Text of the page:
People’s perspective of what is a lot of money continues to escalate. How much is enough? How much is too much? Never has this lottery mentality been more on display than in recent jury awards related to healthcare lawsuits. While the frequency of healthcare professional liability claims may have stabilized or even shown slight declines, the increased severity of such claims has been staggering.
What has driven up the monetary values of plaintiff cases? Some speculate that news media coverage and social media, coupled with social inflation have desensitized the average person to the value of money. People everywhere have access to news – big money news. Regular reports of the exorbitant earnings of celebrities and professional athletes and enormous lottery winnings have helped to the lay groundwork for a skewed perception of what is or isn’t a lot of money. Furthermore, whereas jury verdicts have not in the past been so well publicized, the average person now may hear of jury verdicts awarded in all parts of the country. As a result of this widespread exposure, there are no longer obvious distinctions between rural or urban-based cases nor conservative or more liberal juries, which used to be the norm. What’s more, the publicized jury verdicts tend to be the most extreme. Frequent reports of similarly large verdicts may have the effect of setting a dangerous precedent for a potential future juror as to what would constitute a reasonable award. With repetition in reporting, these awards appear less like outliers and more like the norm.
Increased media coverage also plays a role in stirring outrage and bias against certain professionals. For instance, the current media coverage surrounding the opioid epidemic, talc claims, alleged price fixing and other matters have stimulated enough anger that it may be difficult for some to be unbiased in deliberations against a pharmaceutical company. Political influences may be another factor. With continued debate over affordable, accessible healthcare and health insurance coverage, many potential jurors have become more predisposed to bring bias or outrage toward healthcare providers and insurance companies into their deliberations. Biased or outraged juries are more likely to award damages that look more like punitive damages than true compensatory damages. Whatever the reasons, medical and legal professionals have expressed the concern that in today’s environment, it is difficult to get a balanced, reasoned jury.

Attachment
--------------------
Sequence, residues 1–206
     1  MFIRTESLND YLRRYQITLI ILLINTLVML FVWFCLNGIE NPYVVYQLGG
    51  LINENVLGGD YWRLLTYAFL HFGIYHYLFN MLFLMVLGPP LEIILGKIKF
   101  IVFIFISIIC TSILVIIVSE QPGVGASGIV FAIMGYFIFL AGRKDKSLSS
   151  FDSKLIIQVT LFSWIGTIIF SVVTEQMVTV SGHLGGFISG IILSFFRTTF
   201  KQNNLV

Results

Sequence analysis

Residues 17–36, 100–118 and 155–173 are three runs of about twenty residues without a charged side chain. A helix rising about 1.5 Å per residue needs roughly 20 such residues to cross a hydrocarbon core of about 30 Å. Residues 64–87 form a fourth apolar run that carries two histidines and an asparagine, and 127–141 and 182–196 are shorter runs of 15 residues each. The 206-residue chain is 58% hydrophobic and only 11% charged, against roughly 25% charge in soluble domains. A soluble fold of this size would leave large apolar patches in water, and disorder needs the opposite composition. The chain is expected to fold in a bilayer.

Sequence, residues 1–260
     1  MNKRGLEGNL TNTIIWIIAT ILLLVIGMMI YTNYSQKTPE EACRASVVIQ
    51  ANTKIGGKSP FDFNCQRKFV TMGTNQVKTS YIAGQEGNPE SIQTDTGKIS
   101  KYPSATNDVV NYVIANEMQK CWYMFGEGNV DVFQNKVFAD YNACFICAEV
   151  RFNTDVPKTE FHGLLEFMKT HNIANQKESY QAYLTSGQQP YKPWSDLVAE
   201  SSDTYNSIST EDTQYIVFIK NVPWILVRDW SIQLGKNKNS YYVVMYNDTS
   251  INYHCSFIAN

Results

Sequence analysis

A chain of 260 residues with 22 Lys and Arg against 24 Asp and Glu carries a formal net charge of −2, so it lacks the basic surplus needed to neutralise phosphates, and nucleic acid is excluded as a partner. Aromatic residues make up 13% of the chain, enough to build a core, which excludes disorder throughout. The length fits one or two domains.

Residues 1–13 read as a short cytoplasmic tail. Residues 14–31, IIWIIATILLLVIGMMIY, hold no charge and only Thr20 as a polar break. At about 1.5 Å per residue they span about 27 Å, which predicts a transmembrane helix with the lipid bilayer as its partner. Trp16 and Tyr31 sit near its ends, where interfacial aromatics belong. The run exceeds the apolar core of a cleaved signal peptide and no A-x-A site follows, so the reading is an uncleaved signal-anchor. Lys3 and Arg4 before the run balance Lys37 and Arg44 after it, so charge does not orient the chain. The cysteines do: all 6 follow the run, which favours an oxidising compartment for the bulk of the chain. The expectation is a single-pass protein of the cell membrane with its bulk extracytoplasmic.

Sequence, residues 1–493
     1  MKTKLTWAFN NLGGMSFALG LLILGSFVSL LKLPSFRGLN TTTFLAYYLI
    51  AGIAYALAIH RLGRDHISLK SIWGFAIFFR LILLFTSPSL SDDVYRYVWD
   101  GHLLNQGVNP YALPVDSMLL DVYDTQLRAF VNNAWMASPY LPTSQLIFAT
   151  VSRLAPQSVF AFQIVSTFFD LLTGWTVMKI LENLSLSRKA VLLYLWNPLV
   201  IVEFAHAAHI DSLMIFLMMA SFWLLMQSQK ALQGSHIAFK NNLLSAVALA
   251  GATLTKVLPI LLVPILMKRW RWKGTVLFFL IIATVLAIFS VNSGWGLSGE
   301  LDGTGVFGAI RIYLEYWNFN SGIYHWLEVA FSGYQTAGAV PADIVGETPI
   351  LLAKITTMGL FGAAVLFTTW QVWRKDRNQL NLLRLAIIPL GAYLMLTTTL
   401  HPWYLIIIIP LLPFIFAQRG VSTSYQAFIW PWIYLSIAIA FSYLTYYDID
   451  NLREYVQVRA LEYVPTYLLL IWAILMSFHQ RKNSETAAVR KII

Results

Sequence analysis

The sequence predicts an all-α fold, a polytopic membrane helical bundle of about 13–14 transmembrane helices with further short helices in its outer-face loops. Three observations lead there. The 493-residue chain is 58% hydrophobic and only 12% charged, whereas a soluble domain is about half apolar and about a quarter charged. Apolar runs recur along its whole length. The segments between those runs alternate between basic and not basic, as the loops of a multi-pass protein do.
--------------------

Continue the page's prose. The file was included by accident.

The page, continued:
Claims severity also can be aligned with the increase in ‘batch claims’ where multiple, related claims are tied to the same event, incident or medical product defect. Batch claims have become more prevalent given an aggressive plaintiffs’ bar eager to seize on alleged systemic risks at healthcare institutions to increase the likelihood of a high jury award or settlement and the enormous plaintiff attorney fees associated with such claims.
The severity of healthcare liability claims has also been impacted by and resulted in an increase in average defense costs. With the increase in frequency of extreme verdicts and larger settlements, there has been more frequent use of mock trials or focus groups, panels of experts, multiple mediations and multiple law firms to collaborate in the defense.Likewise, this increase in severity has also impacted the cost to Insurers to manage claims. For instance, whereas an excess insurance writer may have been minimally involved in litigation and negotiation strategy in the past, increased potential for exposure to excess insurance has prompted them to become more actively involved. As a result of the increased exposure to indemnity, defense and expense, for healthcare liability insurers, pressure on rates has become unavoidable.
The trend toward high severity claims and exorbitant jury awards is likely to continue. In today’s increasingly litigious era, there has been a seismic behavioral transference in believability or burden of proof in the court of public opinion against institutions, healthcare systems and medical professionals. Healthcare professional liability insurers will be challenged to balance pricing with exposure to anticipated inflated severity of risk.
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